Alexandria Ocasio-Cortez Is Sued for Blocking Critics on Twitter

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President Trump and Representative Alexandria Ocasio-Cortez are diametrical opposites in nearly every way, except perhaps for their shared home state of New York and their social media dominance.

But now there may be another thing that binds the two: a federal appeals panel ruling on Tuesday that Mr. Trump, a Republican, has been violating the Constitution by blocking people from following him on Twitter because they criticized or mocked him.

That ruling is now the basis of two lawsuits filed against Ms. Ocasio-Cortez, a Democrat, accusing her of blocking people because of their opposing political stances.

Ms. Ocasio-Cortez has 4.7 million followers on her personal Twitter account, @AOC, which she uses to frequently discuss policy and advocate her proposals, such as the Green New Deal and her belief that the camps holding children and other undocumented immigrants seeking asylum at the Texas border are “concentration camps.”

Dov Hikind, a former assemblyman from Brooklyn who is the founder of Americans Against Anti-Semitism, said he regularly replies to Ms. Ocasio-Cortez’s tweets, but was blocked on July 8.

Joseph Saladino, a YouTube personality known as “Joey Salads” who is running for a congressional seat representing Brooklyn and Staten Island, said he was blocked on May 9.

But because Ms. Ocasio-Cortez uses the account to discuss policies that affect them, she cannot use the account to “suppress contrary views” and violate his First Amendment rights to free speech, Mr. Hikind said in his lawsuit, filed in Federal District Court in Brooklyn.

“It’s very clear based on the court’s ruling that A.O.C. is violating my constitutional rights to free speech by excluding me,” Mr. Hikind said in an interview. “She doesn’t want me to be a part of the discussion and conversation.”

Mr. Hikind said he was blocked after criticizing Ms. Ocasio-Cortez for her concentration camp comments.

“She has a right to have that position. That’s not the issue. The question is why is she afraid of other people’s positions?” he added.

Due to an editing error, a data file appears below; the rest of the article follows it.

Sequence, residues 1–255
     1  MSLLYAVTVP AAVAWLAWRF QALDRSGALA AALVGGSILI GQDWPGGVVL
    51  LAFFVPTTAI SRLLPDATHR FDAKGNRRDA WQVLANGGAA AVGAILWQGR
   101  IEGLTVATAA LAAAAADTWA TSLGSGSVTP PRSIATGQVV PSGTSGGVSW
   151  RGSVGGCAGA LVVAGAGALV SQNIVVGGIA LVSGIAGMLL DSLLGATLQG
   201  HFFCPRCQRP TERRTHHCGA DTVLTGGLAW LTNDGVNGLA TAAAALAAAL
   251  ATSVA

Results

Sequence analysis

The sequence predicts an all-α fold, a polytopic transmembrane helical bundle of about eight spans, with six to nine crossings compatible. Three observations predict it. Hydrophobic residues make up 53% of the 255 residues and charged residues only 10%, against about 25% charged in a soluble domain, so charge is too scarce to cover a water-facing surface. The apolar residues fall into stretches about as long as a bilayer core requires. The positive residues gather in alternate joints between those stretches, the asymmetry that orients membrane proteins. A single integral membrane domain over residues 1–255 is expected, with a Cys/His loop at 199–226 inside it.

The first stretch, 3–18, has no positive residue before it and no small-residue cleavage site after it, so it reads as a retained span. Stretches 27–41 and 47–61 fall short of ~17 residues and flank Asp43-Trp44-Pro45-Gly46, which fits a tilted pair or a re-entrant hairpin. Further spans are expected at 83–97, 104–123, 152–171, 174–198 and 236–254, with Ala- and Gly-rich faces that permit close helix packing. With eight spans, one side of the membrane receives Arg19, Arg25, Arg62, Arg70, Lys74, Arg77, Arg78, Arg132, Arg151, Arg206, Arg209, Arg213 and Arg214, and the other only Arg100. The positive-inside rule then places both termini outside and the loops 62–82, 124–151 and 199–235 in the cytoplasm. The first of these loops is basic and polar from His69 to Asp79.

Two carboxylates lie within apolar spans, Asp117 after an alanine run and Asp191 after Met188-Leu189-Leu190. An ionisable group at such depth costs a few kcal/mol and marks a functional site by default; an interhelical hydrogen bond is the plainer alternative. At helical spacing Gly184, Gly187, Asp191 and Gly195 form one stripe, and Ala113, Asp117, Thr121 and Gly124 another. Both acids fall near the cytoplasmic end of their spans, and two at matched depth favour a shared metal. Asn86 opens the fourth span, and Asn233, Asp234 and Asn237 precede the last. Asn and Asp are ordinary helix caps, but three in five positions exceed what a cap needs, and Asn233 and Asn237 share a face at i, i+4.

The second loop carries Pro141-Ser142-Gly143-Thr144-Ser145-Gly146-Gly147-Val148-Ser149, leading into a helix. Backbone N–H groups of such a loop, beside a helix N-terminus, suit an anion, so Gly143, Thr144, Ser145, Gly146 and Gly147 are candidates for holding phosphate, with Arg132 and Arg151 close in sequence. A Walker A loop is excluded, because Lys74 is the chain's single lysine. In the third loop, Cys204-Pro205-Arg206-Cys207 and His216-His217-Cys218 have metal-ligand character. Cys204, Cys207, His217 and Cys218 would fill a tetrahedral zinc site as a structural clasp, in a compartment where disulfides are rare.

Mr. Saladino, whose pranks have been criticized as racist, filed a separate lawsuit in Federal District Court in Manhattan. He said that as a practical matter, he does not care if Ms. Ocasio-Cortez blocked him because he can still access her Twitter comments from an anonymous account.

He said his complaint is a test of whether there is a double standard in the courts for liberals and conservatives.

“At the end of the day, it’s like a social experiment to see if the standards will apply equally,” Mr. Saladino said. “Will the courts rule the same way against A.O.C. as Trump?”

Corbin Trent, a spokeswoman for Ms. Ocasio-Cortez, declined to comment about pending litigation.

Blocking on social media is done across political party lines. In 2017, for example, ProPublica sent letters asking all 50 governors and 22 federal agencies whether they had blocked people on social media. Five Republican governors, four Democrats and four agencies responded with information about people they had blocked. Many agencies and more than half the governors did not respond.

In New York, the issue has arisen with Representative Peter King, a 14-term Republican congressman who represents parts of Nassau and Suffolk Counties on Long Island. In April, the New York Civil Liberties Union threatened to sue Mr. King if he did not unblock the 70 or so constituents who were banned from his “Congressman Peter King” Facebook page for criticizing him.

In May, Mr. King added a new Facebook page that he said would be his official government account, and that he would not ban people from it.

Ms. Ocasio-Cortez’s @AOC account is not her official congressional account. Her official congressional account, @RepAOC, has 172,000 followers and was last updated July 5, as of Wednesday afternoon.

Jacob Weinstein, Mr. Hikind’s lawyer, noted that the court ruling concerned the @realDonaldTrump personal account, followed by 61.8 million users, that Mr. Trump uses most often to comment on Twitter, not his official presidential Twitter account.

“It comes down to the First Amendment,” Mr. Weinstein said. “Twitter is a public forum. Imagine a politician is giving a town hall. Imagine if they only select people they like.”

Mr. Hikind said he was confident that he would prevail because of the ruling against Mr. Trump and the words of Judge Barrington D. Parker in the decision. “In resolving this appeal, we remind the litigants and the public that if the First Amendment means anything, it means that the best response to disfavored speech on matters of public concern is more speech, not less,” the judge wrote.

From a legal standpoint, “I know she can’t win,” said Mr. Hikind, who is seeking a ruling that would compel Ms. Ocasio-Cortez to unblock him and anyone else blocked for partisan reasons.

“Why is she afraid to read my comments about her policies? She only wants people who agree with her,” Mr. Hikind said. “I find it pathetic.”

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